In conjunction with Cisco and EY, ChapmanCG was delighted to host two HR Leaders Discussion Forums in Sydney on “The Future of HR”. There was great interest in this topic with HR leaders from Commonwealth Bank, Qantas, Telstra, AMP, Allianz, Goodman Fielder, Citi, QBE, JLL, Mars, Kimberly-Clark, Pepsico, Stockland, Toll, Optus, Strategy&, British American Tobacco and many other companies in attendance.
Simon Terry, Chairman of Change Agents Worldwide, led a thought-provoking conversation that explored our digital future, bringing a “Hustlers, Hipsters, Hackers” lens to HR, employee experience, collaboration and many other areas. The ensuing discussion was reflective with many of the HR leaders sharing their thoughts and experiences.
Where Are We Now?
The old way of doing HR is failing. The Ulrich Model with business partners, centres of excellence and HR services isn’t meeting the needs of the business or the employee. Is the intersection between the three functions of HR a conflict or collaboration?
To best deliver business outcomes in a digital economy, there is the need for a rebirth of a new human service, creating platforms for employee experience and strategic value that is people-centred, lean and agile, human and purposeful.
Introducing the “Hipsters, Hustlers and Hackers”
A Forbes article a few years ago asserted that to have a high performing and efficient team, you need a Hipster, a Hacker and a Hustler. When you bring these three together, it’s a tough combination to beat.
Hipsters — This is the designer, the creative genius who focuses on creating the coolest product or service.
Hustlers — Those who understand the business and can bring people together and create deals. They are constantly asking “Is this something our customers and partners want?”
Hackers — These are the people focused on delivering the outcome using technology.1.
Agile Organisational Design
Australians lead the way in number of activity-based workplaces. However, research shows the 50-meter rule: in large organisations, 90% of people’s communication happens within 50m of their desks. It is enterprise, social collaboration networks that cut across this.
To foster peak collaboration and innovation, Spotify has created an agile organisational model comprising:
Squads: Complete work team delivering for a Product Owner
Tribes: All the Squads required for a Functional Area
Chapters: Community of Practice for Related Skills
Guilds: Community of Interest. 2.
Here is an excerpt from Airbnb’s thinking:
“You have a customer experience group. Why don’t we create an employee experience group?’”
Employee Experience = Customer Experience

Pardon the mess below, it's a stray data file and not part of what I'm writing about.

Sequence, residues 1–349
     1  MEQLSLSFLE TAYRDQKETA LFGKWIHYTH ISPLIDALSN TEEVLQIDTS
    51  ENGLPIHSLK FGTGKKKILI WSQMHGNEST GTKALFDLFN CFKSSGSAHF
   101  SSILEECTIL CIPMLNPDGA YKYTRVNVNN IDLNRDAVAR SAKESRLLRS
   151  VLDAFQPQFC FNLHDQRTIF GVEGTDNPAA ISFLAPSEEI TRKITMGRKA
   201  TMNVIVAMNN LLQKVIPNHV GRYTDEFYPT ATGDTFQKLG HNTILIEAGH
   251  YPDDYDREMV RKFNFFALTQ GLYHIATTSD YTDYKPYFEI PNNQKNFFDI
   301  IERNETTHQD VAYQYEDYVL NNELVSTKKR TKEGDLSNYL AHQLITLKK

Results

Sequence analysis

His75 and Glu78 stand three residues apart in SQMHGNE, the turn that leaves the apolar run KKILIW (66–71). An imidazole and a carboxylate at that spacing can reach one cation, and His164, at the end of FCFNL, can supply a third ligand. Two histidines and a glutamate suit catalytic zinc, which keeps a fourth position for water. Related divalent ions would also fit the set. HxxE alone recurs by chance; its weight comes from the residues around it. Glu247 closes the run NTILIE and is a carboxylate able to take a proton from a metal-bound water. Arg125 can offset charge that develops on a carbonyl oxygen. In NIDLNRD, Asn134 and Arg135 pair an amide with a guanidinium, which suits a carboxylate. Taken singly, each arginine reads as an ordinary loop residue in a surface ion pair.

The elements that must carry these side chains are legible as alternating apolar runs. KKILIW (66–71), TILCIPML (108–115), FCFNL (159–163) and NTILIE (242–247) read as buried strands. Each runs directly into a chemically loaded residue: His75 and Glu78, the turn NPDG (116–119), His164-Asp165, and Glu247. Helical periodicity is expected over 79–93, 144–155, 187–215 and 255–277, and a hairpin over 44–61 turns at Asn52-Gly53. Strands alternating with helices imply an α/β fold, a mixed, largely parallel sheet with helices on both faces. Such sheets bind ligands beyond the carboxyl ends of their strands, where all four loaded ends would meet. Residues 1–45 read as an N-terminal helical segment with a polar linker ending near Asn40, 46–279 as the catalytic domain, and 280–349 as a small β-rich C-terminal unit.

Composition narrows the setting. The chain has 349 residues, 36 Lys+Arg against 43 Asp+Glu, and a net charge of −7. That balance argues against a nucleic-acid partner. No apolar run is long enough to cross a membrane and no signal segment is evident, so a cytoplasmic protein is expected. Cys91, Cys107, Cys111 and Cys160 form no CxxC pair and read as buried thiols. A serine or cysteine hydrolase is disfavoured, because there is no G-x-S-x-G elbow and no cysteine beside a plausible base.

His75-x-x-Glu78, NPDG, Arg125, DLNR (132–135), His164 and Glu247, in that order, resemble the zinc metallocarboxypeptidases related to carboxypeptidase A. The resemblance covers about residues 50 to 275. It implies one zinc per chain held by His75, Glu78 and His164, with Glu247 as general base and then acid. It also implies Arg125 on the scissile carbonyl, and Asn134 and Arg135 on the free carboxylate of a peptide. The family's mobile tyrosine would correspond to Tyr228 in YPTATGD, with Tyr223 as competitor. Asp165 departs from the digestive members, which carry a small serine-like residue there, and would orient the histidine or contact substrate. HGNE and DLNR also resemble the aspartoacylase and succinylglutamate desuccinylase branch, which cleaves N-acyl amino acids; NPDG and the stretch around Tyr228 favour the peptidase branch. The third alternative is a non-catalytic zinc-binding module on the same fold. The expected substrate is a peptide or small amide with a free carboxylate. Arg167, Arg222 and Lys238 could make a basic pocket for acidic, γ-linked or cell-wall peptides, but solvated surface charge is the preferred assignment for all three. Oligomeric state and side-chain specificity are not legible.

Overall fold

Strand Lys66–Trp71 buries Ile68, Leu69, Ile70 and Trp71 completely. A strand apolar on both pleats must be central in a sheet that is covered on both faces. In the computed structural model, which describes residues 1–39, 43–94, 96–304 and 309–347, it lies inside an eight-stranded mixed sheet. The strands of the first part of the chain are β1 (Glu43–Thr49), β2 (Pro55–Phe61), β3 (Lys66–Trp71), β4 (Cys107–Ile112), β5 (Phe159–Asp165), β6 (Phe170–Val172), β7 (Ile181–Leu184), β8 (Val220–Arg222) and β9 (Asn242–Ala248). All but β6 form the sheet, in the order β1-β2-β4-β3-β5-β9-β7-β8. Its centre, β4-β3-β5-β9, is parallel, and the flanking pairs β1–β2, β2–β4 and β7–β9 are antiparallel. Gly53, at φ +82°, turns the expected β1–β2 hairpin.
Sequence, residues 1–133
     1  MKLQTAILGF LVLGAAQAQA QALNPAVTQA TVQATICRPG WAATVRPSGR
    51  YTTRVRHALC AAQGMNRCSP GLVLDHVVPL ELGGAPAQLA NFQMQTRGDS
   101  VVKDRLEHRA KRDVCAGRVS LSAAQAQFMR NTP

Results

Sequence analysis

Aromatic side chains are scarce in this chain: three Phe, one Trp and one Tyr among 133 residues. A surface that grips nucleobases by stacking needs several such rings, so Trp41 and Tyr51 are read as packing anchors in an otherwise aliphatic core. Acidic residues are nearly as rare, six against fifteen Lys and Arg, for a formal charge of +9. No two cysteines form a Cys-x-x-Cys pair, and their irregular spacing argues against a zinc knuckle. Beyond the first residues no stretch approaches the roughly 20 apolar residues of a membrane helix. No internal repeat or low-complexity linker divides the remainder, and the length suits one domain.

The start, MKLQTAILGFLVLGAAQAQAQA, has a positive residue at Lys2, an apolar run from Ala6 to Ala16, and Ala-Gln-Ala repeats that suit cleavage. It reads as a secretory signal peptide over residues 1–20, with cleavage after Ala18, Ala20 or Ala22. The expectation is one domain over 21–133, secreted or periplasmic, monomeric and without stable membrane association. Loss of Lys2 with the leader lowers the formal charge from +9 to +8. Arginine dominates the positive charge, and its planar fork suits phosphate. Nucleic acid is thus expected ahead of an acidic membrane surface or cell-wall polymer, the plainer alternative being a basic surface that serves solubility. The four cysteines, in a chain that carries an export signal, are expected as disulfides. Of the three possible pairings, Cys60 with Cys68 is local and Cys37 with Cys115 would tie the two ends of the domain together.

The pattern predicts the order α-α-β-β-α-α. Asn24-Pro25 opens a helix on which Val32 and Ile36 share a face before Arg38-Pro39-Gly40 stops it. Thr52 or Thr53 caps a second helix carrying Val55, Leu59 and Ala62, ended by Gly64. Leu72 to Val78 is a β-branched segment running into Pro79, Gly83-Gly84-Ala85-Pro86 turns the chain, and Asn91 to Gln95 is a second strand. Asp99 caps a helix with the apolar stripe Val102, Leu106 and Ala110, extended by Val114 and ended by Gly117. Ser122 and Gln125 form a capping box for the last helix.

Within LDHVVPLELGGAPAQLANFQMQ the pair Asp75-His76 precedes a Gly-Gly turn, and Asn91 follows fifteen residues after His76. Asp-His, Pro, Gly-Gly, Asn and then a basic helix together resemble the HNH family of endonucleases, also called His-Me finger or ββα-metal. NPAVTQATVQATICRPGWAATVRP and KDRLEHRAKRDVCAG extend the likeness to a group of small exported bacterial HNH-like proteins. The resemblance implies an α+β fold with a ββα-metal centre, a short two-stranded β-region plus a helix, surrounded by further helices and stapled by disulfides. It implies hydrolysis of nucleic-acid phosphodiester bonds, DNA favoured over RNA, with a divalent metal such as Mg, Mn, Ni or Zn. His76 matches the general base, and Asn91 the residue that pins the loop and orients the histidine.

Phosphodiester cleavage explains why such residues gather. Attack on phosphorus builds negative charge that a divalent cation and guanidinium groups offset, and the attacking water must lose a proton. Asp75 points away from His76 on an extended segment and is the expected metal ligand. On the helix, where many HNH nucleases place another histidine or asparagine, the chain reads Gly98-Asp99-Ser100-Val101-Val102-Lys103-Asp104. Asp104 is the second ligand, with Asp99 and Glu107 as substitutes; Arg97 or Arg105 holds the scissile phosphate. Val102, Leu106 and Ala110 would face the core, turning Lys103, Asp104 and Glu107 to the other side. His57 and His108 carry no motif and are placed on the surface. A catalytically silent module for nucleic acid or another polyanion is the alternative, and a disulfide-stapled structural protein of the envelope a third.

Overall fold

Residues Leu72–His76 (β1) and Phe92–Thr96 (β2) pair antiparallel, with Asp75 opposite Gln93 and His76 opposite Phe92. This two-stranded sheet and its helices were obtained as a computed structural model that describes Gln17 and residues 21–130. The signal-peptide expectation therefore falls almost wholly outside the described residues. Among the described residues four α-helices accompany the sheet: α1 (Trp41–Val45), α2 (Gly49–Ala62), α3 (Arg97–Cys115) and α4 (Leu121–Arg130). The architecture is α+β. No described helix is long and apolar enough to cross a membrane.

“Essentially, we are everything, starting with the roof over the employees’ heads. [We’re] their whole journey from the time they get contacted or they contact us through their entire employee experience. Every aspect of creating the employee experience is focused on designing an extraordinary physical, emotional, intellectual, virtual, and aspirational experience for Airbnb employees”. 3.
Companies moving towards employee experience will segment and cluster employees in order to design people experience programs and processes. The drive for consistency can often hold us back. If we can think about our customers and become more modular and allowing greater variation on measurements and processes, this enables different business areas to receive a more bespoke HR service. Maintain scale where it makes sense. Cultivating culture is one of your best strategic weapons because your competitors can’t copy it.
Does “Human Resources” need to be rebranded to “People Experience”? But a rose by any other name is still a rose. Therefore, it’s not just about rebranding, but actually changing the function to add strategic value by just stepping into a different space.
Many organisations are still struggling to come to grips with HR analytics. The best example of HR analytics is Google.
“While the rest of the world is waking up to analytics and the power of Big Data, Google has spent years methodically building one of the most refined performance-management engines in the corporate world. Similar to any of the company’s other departments, every People Operations project starts with a question to answer.” 4.
Transformation will involve building people experience platforms, learning what works, identifying change agents, and working out how to support and scale the leaders providing the best people experience. These are the questions at the heart of many HR Transformation experiences. Whether we recognise them as mission critical or allow ourselves to be distracted by the questions with easy answers and the ones for which we can provide quick-fixes, will, by and large, determine our degree of overall success.
What Skills Should HR Leaders Gain to Stay Relevant?
1. Leadership — Strong leadership with a consultative approach; influencing through transitions and maintain focus during change
2. Change Management — Agile change agent, strong execution innovation and experimentation — do small scale tests and learn. Sit at the intersection of the hipster/hipster//hacker model
3. Subject Matter Experts — Be a deep specialist in how we provide and manage platforms for enterprise social collaboration and manage a community around work.5.
High performing teams have a “psychological safety” that enables them to be their best rather than fear failure. Employees love (and have a need) to have a voice in what is happening.
Thanks to Simon Terry for his thought-provoking presentation. The Future of HR is bright, and Simon concludes: “There are clearly many HR leaders in Australia focused on the changing nature of work in a digital world and what it means for HR. As a relatively small innovative market we have an opportunity to lead the way.”
5. Simon Terry, Change Agents Worldwide, https://simonterry.com/
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